Encyclopedia o f Chicago
Entries : Folk and Traditional Dance
Folk and Traditional Dance

Folk and Traditional Dance

Latvian Folk Dance at Hull House, 1951
Social dancing in early Chicago was neither wild nor undisciplined, as frontier stereotypes suggest. The practice in New France was to conduct a ball with order and decorum, and even on the American frontier a dance customarily opened with a minuet. American fashions encompassed country dances in the French style—cotillions in square formations of four couples—and the English style—double-file sets of up to 15 couples. Dancers also did the jig and the four-hand reel. These dances have been maintained up through the twenty-first century in square dancing, contra dancing, and line dancing.

In 1834, the quadrille, a four-couple square dance, became popular, along with the waltz and the schottische. Specific dances such as the Prairie Queen Quadrille and the Chicago Glide were introduced in the early 1900s. While these particular regional dances have disappeared, the waltz and schottische were maintained and reintroduced by waves of European immigrants, including Germans, Poles, Norwegians, and Swedes, and continue to be danced at weddings, ethnic gatherings, and other neighborhood celebrations. Other folk dances such as the polka were brought to the region by Polish immigrants but became popular at weddings and other celebrations even by non-Poles.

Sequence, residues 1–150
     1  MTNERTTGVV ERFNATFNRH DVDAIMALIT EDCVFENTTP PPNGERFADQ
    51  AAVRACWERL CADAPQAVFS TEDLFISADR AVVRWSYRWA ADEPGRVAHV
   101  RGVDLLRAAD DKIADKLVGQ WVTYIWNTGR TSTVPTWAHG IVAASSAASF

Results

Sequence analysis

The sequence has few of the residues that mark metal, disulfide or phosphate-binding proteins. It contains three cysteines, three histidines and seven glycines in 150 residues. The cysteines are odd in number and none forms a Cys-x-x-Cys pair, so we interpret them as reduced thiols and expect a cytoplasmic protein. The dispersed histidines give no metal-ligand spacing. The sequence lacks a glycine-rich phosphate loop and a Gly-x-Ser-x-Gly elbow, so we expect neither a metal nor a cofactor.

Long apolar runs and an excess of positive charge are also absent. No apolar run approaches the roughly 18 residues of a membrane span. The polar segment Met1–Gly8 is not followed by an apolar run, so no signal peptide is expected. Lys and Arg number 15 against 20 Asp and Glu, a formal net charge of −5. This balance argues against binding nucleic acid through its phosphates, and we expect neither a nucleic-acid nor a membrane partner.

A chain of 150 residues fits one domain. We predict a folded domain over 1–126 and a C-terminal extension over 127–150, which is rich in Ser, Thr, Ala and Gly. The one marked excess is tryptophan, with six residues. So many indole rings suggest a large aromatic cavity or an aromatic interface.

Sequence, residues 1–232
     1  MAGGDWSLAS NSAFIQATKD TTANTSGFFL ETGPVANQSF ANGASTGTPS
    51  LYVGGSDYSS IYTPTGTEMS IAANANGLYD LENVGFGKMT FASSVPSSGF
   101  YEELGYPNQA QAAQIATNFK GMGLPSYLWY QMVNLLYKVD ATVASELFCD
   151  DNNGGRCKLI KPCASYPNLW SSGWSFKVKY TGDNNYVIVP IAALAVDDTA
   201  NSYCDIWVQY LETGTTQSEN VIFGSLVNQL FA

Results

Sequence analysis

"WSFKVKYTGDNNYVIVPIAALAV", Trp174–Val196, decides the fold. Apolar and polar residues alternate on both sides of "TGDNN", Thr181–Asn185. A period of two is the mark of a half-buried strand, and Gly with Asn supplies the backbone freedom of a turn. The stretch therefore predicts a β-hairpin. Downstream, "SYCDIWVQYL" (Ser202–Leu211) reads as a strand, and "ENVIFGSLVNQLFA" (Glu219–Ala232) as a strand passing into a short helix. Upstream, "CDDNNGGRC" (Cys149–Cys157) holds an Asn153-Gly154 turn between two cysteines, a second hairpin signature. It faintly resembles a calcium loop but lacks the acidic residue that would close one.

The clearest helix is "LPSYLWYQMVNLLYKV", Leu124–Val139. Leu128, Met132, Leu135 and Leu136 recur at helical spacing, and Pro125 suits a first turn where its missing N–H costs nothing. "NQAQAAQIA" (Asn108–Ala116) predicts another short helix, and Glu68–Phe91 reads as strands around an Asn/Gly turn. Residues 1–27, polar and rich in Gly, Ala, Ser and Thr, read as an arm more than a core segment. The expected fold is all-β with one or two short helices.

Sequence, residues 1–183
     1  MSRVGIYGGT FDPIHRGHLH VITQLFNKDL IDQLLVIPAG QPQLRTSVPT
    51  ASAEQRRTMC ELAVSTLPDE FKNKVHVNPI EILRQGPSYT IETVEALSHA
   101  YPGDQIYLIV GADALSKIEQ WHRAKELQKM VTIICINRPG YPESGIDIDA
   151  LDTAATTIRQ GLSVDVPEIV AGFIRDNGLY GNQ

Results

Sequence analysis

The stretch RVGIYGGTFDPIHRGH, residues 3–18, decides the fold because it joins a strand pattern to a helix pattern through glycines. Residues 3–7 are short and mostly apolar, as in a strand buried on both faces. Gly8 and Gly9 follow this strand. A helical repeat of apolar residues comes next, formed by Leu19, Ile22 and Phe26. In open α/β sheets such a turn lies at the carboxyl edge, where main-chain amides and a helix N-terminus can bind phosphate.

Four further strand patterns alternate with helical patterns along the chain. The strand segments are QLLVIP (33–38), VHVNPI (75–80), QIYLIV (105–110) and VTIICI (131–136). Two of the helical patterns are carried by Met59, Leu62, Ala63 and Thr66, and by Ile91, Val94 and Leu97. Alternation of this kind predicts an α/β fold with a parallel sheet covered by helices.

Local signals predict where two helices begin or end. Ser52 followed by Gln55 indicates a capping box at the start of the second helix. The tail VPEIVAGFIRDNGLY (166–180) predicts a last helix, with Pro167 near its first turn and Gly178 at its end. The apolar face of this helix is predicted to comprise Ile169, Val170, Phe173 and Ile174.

Chicago's two world's fairs helped promote interest and awareness of ethnic folk dance as well as exotic dance. Ireland's Gaelic League's first American display of Irish dance costume occurred at the 1893 World's Columbian Exposition.

Beginning as early as the 1920s, folk dance schools and programs were established both by ethnic groups and by those interested in maintaining or reviving older rural dance. Katherine Dunham, who later won international fame for her “Dunham Technique,” began her teaching career with her “Negro Rhapsody” at the Chicago Beaux Arts Ball in 1931.

Irish and Scottish immigrants established dance schools from the 1920s on, often in family basements. Some of these schools, such as Trinity Irish Dance, have attained international visibility, others continue to serve a small local population and provide entertainment for festivals, cultural programs, and family celebrations. The Chicago Ethnic Arts Project conducted by the American Folklife Center in 1977 documented a wide variety of folk and social dance in Chicago, from Korean dance at the YMCA to Japanese classic and folk dance, Darlene Blackburn's traditional African dance troupe, Irish step dancing and social dancing, Lithuanian dancing at Saturday schools, Native American powwow fancy dress dancing, dance classes at the Polish Women's Alliance, Danish dancing, Yugoslav dance, social dancing at a blues club on the South Side, Jewish social dance at a wedding, a “sweet sixteen” Puerto Rican dance party, and polka at Polonia Grove.

Several significant Chicago ethnic dance groups were established in the 1970s, '80s, and early '90s, including the Mexican Folkloric Dance Company, East Indian dance companies such as Natya, Nartan, and Kalapriya, and Alyo Children's Dance Theatre (an African American company). American country and square dancing have become a form of revived folk dance, promulgated by groups such as the Chicago Barn Dance Company (established in 1977) in order to maintain rural art forms.

Harnan, Terry. African Rhythm American Dance: A Biography of Katherine Dunham. 1974.